In her 1996 paper, The Rage to Master: The Decisive Role of Talent in the Visual Arts, Ellen Winner presents a concept she calls, well, the “rage to master.” The idea is that intellectually gifted children have a natural inclination to focus on a subject and immerse themselves in it until they reach mastery.
With proper support, the “rage to master” creates a positive feedback loop. Their interest combines with their gifts, enabling him or her to more easily grasp a topic than a more average individual. This provides a feeling of satisfaction, reinforcement that encourages the child to continue mining the subject. Using the initial knowledge as a springboard, the cycle repeats itself, creating an outward-spreading spiral of knowledge.
Data Harmony has something in common with that gifted child: the feedback loop in its indexing. The software knows nothing at first, but when it is fed content, its subject of choice, and is given support and encouragement in the form of taxonomy building and editorial analysis, it can start the learning process.
With one piece of content, it can only learn so much. It grows with each new piece, the next feeding off what came before, but it needs consistent and diligent editing of those results. Given that, the software can become progressively smarter.
Just like with the gifted child, though, who can never learn everything about the given subject, the feedback loop that indexing software can create won’t last forever. Eventually, progress will slow down. There’s a big difference between the highly accurate search results it delivers and perfectly accurate search results, an unattainable goal.
Voltaire’s aphorism, “Perfection is the enemy of the good,” applies well here. The “rage to master” in the gifted child depends on progress and satisfaction. Attempting perfection undermines both. Progress will slow to a halt, denying the child the satisfaction that was the driving force in the first place.
Of course, we’re talking about software here, so feelings and stuff like that don’t actually apply. Where it does apply is with the user, though, who “motivates” the software by feeding it content. They are the impetus for software’s education, giving it new material while honing and fine-tuning the output. All of this delivers accurate results and the user gets the feeling of satisfaction.
Indexing software has the “rage to master” content because it was built to serve that purpose. It can’t do anything alone, though. It takes a dedicated team of editors to feed it that content and interpret the results. The responsibility is on them to understand how to leverage the results into valuable commodities. Without that side of it, the software achieves very little.
The emergence of Big Data has made this increasingly vital to business in industries of any stripe. The amount of data is growing at an astonishing rate and shows no signs of slowing down. If it was difficult to collect and analyze large amounts of content manually a few decades ago, imagine the struggle today with the glut of tablets, phones, and computers collecting and transmitting data every moment of the day.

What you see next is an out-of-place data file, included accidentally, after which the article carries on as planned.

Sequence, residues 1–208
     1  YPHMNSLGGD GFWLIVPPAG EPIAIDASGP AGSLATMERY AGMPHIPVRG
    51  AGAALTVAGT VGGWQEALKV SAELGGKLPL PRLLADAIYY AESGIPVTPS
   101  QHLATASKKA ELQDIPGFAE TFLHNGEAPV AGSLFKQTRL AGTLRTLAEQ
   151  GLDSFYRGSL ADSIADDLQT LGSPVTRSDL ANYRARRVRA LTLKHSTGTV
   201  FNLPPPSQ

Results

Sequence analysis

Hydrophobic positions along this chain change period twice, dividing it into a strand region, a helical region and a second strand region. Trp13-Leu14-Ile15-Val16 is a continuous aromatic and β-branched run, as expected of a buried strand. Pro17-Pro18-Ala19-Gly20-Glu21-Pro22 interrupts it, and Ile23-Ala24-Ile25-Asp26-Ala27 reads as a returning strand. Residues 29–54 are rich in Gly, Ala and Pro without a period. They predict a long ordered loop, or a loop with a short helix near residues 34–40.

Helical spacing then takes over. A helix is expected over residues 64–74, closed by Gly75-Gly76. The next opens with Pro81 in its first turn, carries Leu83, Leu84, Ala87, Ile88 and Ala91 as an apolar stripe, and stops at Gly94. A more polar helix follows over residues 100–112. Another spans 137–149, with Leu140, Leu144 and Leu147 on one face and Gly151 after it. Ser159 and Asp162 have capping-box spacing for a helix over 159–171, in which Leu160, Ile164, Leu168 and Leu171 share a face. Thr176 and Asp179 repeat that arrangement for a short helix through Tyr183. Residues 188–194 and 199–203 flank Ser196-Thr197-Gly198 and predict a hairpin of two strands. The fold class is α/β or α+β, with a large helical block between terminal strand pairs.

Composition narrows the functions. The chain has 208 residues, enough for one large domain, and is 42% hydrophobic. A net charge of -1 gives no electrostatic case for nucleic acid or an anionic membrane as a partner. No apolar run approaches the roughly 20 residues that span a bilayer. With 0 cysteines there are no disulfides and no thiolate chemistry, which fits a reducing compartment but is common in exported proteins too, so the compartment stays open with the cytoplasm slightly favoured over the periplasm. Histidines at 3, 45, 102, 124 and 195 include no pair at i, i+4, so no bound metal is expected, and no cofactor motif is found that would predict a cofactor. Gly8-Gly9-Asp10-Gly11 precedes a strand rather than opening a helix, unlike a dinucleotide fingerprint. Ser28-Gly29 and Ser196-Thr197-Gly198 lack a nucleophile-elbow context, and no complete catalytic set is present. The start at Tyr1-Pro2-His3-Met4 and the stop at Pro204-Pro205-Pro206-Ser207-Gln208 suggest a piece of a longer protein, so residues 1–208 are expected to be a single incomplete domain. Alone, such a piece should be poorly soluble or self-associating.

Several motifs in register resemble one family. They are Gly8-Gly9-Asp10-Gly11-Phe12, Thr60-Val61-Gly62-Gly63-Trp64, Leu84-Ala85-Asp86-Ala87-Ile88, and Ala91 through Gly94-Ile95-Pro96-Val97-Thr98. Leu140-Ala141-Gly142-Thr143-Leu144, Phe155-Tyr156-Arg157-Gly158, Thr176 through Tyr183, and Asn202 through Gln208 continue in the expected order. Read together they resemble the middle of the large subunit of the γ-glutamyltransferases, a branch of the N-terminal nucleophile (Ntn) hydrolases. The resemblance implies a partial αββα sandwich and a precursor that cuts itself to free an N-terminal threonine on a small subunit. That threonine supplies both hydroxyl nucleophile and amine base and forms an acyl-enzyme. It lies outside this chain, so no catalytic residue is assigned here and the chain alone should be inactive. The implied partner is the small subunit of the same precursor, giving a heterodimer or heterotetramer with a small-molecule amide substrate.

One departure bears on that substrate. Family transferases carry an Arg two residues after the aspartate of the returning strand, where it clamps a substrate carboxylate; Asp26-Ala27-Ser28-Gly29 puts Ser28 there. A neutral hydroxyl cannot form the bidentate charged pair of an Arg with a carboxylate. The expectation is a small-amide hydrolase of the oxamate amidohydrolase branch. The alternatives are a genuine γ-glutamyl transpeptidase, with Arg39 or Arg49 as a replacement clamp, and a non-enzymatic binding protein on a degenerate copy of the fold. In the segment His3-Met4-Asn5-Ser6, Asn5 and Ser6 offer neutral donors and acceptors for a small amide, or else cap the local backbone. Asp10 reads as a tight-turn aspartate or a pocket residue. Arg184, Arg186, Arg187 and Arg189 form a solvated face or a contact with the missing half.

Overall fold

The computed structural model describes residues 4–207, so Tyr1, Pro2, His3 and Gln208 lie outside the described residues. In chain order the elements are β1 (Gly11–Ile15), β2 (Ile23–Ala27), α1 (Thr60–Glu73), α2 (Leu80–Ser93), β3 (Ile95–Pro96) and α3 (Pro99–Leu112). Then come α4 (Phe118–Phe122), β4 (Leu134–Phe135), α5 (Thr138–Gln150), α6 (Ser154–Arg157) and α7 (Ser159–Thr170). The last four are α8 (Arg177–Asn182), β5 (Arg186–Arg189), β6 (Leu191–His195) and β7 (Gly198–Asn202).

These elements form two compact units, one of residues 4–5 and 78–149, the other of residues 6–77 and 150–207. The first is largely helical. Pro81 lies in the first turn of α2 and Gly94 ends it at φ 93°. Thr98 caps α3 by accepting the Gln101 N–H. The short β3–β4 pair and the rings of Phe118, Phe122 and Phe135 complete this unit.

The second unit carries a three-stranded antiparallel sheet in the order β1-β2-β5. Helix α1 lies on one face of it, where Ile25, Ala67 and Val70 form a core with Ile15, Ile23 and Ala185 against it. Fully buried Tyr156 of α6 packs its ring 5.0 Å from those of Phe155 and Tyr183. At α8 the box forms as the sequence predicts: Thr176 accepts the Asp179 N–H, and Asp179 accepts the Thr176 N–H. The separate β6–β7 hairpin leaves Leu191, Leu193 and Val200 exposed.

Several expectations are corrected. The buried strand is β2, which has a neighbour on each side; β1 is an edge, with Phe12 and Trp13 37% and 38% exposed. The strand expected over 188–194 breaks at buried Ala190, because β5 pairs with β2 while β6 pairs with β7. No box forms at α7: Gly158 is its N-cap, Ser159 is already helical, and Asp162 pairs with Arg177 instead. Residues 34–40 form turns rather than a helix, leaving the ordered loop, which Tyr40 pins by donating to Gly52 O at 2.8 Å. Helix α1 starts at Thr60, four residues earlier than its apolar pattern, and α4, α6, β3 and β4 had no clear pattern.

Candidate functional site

There is so much out there that even a large team of editors can struggle to sort and analyze it with much effectiveness or insight. But this is exactly where the feedback loop created by indexing software can change the game. The software speeds the process, facilitating the analysis, but it can’t make decisions on its own. The editors are absolutely crucial to the accuracy of the software’s output. It starts with an analysis of a single batch of content, but with their guidance, that analysis builds on itself with each new batch. Before long, patterns start to emerge.
Now, the people who would have had to endure the tedium of slowly going through the data by hand can work with these emergent patterns instead. This is a far more meaningful way to interact with data and enables new ways to look at the results. Now, people can more quickly and easily identify and react to trends in their industry.
In publishing, this means understanding how users search for content and potentially directing them to content they may not initially have found valuable. Using Data Harmony, the publisher has a controlled vocabulary that narrowly and accurately directs searches, but it also allows them to observe and analyze how the user searches and what else they search for, which gives them tools find patterns in their customer base and tailor future initiatives to their specific needs.
The mountain of data in this world is only going to continue to grow, so while large-scale analysis is important today, it will be even more important tomorrow, next week, and in a year. Who knows what the landscape will look like in a decade, but we can safely speculate that the positive feedback loop that emerges from software like Data Harmony will enable organizations to handle it, no matter how massive it may have grown.